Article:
KINGMAN-Local gardeners will be able to duck out of the heat thanks to a local Boy Scout.
14 year-old Garrett Hoffman, Life Scout in Troop 19, read an article in the Miner about the vandalism at the Dig It Kingman Community Gardens last September and the idea for an Eagle Scout project was born.
"When something bad happens it doesn't mean you just forget about it, you get out and help," he said.
After taking a good look at the garden, he realized people would need shade while working in sun. He then took on the task to facilitate the construction of a Ramada over the picnic tables at the garden.
Dig It Kingman Community Gardens, donated by Praise Chapel church, leases 4-foot-by-16-foot plots of land for $50 a year. 40 beds are built; 33 leased with 7 available. There's both a children's and communal garden. The more popular crops include watermelons, pumpkins, peppers, cucumbers and even potatoes.
There was previously no respite from the blistering heat at the garden.
"The Hoffman family and Doug Angle from Angle Homes approached us after the article came out," said garden founder Mike Roundy. "They felt compelled to give back to the community."
Hoffman got approval from the Eagle Scout board in January, consulted garden volunteer Jon Mayberry about structure specifications, and then slowly began getting the logistics in order. It took some time to get plans formulated but once the building permit from the city arrived, his team began construction.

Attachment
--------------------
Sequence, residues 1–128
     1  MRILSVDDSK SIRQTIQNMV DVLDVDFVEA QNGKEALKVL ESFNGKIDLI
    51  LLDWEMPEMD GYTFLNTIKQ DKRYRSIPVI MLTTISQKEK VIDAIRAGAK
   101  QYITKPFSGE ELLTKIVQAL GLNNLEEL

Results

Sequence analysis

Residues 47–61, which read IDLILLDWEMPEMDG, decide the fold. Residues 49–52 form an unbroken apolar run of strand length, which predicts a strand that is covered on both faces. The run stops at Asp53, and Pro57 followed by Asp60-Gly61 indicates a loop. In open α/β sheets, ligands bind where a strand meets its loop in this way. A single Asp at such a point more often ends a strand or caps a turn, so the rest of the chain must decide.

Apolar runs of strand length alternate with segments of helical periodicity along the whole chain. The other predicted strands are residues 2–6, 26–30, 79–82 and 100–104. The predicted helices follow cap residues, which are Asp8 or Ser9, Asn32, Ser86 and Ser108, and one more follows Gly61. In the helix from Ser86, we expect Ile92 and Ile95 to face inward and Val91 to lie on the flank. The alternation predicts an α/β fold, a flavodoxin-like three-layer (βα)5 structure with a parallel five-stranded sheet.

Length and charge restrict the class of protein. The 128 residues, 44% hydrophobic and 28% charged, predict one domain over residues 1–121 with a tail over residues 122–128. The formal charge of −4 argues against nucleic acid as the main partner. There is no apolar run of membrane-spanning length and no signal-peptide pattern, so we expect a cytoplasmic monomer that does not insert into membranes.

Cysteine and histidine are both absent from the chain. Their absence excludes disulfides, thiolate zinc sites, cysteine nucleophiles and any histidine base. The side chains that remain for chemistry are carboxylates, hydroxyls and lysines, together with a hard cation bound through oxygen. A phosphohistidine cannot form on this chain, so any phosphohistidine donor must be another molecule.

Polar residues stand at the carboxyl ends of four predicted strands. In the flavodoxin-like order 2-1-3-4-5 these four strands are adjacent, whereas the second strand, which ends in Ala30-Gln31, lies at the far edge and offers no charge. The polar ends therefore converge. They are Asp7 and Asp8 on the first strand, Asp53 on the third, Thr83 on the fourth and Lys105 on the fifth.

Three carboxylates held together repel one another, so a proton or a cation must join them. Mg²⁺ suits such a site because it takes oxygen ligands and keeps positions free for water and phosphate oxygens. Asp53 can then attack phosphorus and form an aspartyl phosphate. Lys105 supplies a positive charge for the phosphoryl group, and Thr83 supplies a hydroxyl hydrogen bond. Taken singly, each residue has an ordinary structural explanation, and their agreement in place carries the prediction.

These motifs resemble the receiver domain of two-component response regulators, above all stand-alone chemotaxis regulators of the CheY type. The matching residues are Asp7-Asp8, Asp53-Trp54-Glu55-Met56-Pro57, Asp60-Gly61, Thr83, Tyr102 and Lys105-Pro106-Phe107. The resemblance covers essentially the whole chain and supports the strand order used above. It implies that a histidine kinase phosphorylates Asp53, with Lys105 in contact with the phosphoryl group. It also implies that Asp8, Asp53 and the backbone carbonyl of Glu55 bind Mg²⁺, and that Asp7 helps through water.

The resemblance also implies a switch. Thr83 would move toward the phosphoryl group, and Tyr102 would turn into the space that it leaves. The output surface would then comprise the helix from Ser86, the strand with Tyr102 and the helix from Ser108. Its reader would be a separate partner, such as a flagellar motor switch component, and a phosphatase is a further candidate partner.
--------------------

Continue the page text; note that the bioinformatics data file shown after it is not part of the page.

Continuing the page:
"I got the permit in March," he said. "My parents, other volunteers and Scouts have been working on it a little at a time since then."
His mother Shawn works for Angle Homes and put him in contact with Vice President Clyde Pease, who helped draw schematics. Hoffman then contacted garden organizers and other volunteers and supporters to get the dirt flying.
"I thought it was going to be easy," he said. "But then me and my dad got to looking at it and realized it wasn't going to be easy at all. It was still worth it. It (the Ramada) turned out really nice.
Dig It Gardens gave Hoffman a requirement for the size and the rest was up to him. True Value donated the lumber, Desert Construction donated concrete and Canyon State Enterprises LLC donated the roofing materials. The city donated a building permit.
Part of the project involved delegating tasks, so Hoffman took charge of 10 other Boy Scouts during the construction.
"Part of being an Eagle Scout is learning leadership skills. You're supposed to work hard but not do all the work," he said. "It was a hard project, but I didn't give up."
"I'm really proud that he can do hard things and learn leadership skills." said father Steve Hoffman. "It's a lesson he can use the rest of his life."
"There's a lot of kids today that aren't taught hard work."
The shelter was finished May 20 and Hoffman is awaiting a final inspection by the city.
"He picked up some good leadership skills and learned to give back to the community," his father said.
Hoffman is still a few merit badges short of Eagle Scout and begins attending Lee Williams High School this year.
"It fulfills the purpose of the garden to bring the community together," Roundy said. "It was huge for us because we didn't have any shade or place to rest. It was a blessing when they approached us."
"Some of the worst things that ever happen turn out for the best."